Wednesday, September 20, 2006

Long-Awaited List

It's 9:30, my hair is down, my glasses are on, my earrings are out, and my eyes want to close. Why am I even venturing to post, you ask? Because I've started to post three times and lost it every time, and I'm a determined woman.

It was a chilly walk across the mall after my 8 pm class in Furman Hall-- fall is on his way. I do love South Carolina's Indian Summer, though. It's a slippers-and-hot chocolate kind of night, but since I'm not at home, and I have abandoned white sugar, I'm contenting myself with hot licorice tea, and socks-- one mine, and one Katie's. (long story) I'm crashing at her place tonight, since she has one roommate in France this term (so I get an actual bed!), and since I've got to get up uber-early tomorrow so I can get my workout in early, so she & I can get up to Seneca as early as possible (We're going to Seneca, SC, an hour away, where Katie is doing her teaching internship, as part of getting our required 20 hours of classroom observations in. It'll be fun going together. =D).

All right, to make it onto the "10 Best Love Songs Ever," the songs have to be all-around wonderful. Not too mushy, not overly idolatrous ;D, something musically appealing, and lyrics that sound somewhat more sincere and less jaded from use than a Hallmark card. Three rules (eheh I'll even alliterate I'm so tired):
1) Memorable lyrics; poetry, people!!...sincere sweetness said in an original, non-mindlessly-repetitive way
2) Melodic/Harmonic quality; none of this "alternate between two chords (and one line) for 3.5 minutes" crap
3) Minimally idolatrous message; nothin' sketchy, and as little displacement of God as possible ...which is why, much as it pains me, I don't think Chicago's "Inspiration" can make it...

[[drum roll, please!]] In no particular order, after compilation and communal consideration by committee and category (ok, ok I'll stop ;D), we have:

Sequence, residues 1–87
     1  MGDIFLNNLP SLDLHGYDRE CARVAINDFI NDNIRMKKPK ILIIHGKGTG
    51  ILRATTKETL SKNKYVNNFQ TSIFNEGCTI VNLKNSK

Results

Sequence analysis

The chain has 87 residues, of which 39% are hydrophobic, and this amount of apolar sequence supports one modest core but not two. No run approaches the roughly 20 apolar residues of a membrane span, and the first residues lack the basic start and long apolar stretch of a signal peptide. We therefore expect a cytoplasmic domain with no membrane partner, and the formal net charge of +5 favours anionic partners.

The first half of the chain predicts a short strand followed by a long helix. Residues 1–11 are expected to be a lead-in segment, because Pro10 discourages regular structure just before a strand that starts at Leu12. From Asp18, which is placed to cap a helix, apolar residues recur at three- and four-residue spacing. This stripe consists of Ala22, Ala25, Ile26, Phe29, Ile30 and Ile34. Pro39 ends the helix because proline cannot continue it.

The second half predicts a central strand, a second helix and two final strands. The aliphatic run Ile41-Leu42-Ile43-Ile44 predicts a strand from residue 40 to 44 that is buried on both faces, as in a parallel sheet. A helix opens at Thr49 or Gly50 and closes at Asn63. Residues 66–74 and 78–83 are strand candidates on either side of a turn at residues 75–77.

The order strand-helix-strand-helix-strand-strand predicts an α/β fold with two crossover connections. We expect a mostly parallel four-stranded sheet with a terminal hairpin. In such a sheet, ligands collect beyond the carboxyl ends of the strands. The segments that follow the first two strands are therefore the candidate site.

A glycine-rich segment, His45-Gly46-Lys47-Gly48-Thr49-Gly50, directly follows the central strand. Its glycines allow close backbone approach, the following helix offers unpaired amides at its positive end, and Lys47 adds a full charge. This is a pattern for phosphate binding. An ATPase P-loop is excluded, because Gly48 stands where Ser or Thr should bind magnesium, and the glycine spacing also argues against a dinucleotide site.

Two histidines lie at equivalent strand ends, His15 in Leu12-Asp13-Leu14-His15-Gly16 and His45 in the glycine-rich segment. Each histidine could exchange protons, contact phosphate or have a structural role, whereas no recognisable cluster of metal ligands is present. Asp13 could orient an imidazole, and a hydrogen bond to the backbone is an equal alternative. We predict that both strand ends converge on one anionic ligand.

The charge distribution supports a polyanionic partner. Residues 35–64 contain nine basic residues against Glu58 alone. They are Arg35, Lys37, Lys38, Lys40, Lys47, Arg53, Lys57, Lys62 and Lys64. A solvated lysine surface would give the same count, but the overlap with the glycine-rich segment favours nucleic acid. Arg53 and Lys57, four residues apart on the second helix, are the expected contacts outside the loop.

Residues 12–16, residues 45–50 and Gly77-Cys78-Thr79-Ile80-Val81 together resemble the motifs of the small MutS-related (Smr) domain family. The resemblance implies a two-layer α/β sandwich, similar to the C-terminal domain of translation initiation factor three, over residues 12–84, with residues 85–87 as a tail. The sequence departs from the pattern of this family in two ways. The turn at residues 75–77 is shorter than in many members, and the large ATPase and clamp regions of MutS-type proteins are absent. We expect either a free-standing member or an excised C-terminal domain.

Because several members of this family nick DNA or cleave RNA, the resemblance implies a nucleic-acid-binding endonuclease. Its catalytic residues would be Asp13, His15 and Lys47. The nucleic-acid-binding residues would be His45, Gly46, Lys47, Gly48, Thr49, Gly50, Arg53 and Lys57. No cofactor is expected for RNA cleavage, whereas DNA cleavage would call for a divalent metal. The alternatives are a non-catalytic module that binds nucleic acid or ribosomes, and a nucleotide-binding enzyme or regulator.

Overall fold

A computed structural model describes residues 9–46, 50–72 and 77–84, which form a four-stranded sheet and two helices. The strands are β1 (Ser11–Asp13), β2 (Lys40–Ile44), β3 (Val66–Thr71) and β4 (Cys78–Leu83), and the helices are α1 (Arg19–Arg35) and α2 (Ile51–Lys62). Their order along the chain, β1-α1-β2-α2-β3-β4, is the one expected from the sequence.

1. Springtime Indiana (Sandra McCracken)
Why? "Never been good with my thoughts/and even worse with my words/but you read like familiar poetry that I have never heard.../" and "you came in without notice, settled all around my heart/took up residence in the places that were vacant and dark..."
2) For My Love (Bethany Dillon)
Why? She captures the godly female heart's longings SO well throughout the entire song. Just take the chorus: "...let me know you'd fight/thousands, for my love/slip your hand in mine/ ask me to dance with you tonight/ just ask me/ for my love."
3) She's My Kind of Rain (Tim McGraw)
Why? Besides the fact that the music video shows him with his wife and children, the line "She's the sunset's shadow;/She's like Rembrant's light..."
4) Sweet Afton (Nickel Creek's version)
Why? The Celtic words catch so beautifully, but it's Chris Thile's melody-- lilting, tender, and a little haunting-- and Sean & Sara Watkins' harmonies that rank it here
5) Beautiful Soul (Jesse McCartney)
Why? Read a little of this refreshing break from shallow, lust-over-love pop: "I don't want another pretty face/ I don't want just anyone to hold/...I want you and your beautiful soul/ You're the one I wanna chase/ You're the one I wanna hold/...I want you and your beautiful soul."
6) If You're Not the One (Daniel Beddingfield)
Why? I was first taken in by the sheer sweetness in his voice, and impressed by his musical virtuosity (great falsetto). The lyrics are a cheesy enough to make you grin, and then he has to go and be ready to commit on top of that ;D: "If you're not the one/ why do I dream of you/ as my wife?"
7) All I Ask of You (music by Andrew Lloyd Weber, lyrics by Charles Strouse & Richard Stilgoe, sung by Sara Brightman & Steve Barton)
Why? Ummm...it's from Phantom, for one. I love the irony, too: demanding everything, longing to give everything, and saying "that's all I ask." "Say you'll share with me one love, one lifetime/ Say the word, and I will follow you/ Share each day with me, each night, each morning/ Anywhere you go, let me go too./ That's all I ask of you."
8) For the Longest Time (Billy Joel)
Why? The music is certainly quality. Then there's the famous "If you said goodbye to me tonight/ there would still be music left to write/ What else could I do?/ I'm so inspired by you/ That hasn't happened for the longest time." And you have to grin at the impudence of "I think you ought to know/ that I intend to hold you for the longest time!" At least he's letting her know... ;D

Also in the running are: Can't Hurry Love (first sung by The Supremes, lyrics & music by Doozer, Holland & Holland) , Front Porch Lookin' In, and I'm Already There (both by Lonestar), Better Than Wine (Derek Webb), Could Not Ask for More (Edwin McCain), You're Still the One (McGraw/Hill), That's When I Love You (Phil Vassar), Canaan Bound (Andrew Peterson), When You Say Nothing At All (Alison Krauss), Livin' On A Prayer (Bon Jovi), Everyday Love (Rascal Flatts), I Will Be Here (S. C. Chapman), Arise, My Love (Michael Card), Can You Feel? (Elton John), Tale as Old as Time (yes, the Disney), Alla Luce Del Sol (sung by Josh Groban), and Con Te Partiro (most recently sung by Sara Brightman & Andrea Bochelli, under the misleading English title 'Time to Say Goodbye.'). Ok...there you have our list-in-progress. Suggestions welcome, from any and all genres and eras. They just have to follow the rules! =D

You know, Christians should write the best love songs.

Thursday, September 14, 2006

Looking Back on "Early Experience"